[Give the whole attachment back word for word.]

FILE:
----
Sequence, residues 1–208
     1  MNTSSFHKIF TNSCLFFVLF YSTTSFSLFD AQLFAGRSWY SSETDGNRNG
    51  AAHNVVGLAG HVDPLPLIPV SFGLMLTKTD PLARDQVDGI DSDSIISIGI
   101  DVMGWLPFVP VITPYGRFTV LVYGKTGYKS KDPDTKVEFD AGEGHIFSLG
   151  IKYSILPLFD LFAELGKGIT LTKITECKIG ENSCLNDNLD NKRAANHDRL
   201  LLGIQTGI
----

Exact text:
Sequence, residues 1–208
     1  MNTSSFHKIF TNSCLFFVLF YSTTSFSLFD AQLFAGRSWY SSETDGNRNG
    51  AAHNVVGLAG HVDPLPLIPV SFGLMLTKTD PLARDQVDGI DSDSIISIGI
   101  DVMGWLPFVP VITPYGRFTV LVYGKTGYKS KDPDTKVEFD AGEGHIFSLG
   151  IKYSILPLFD LFAELGKGIT LTKITECKIG ENSCLNDNLD NKRAANHDRL
   201  LLGIQTGI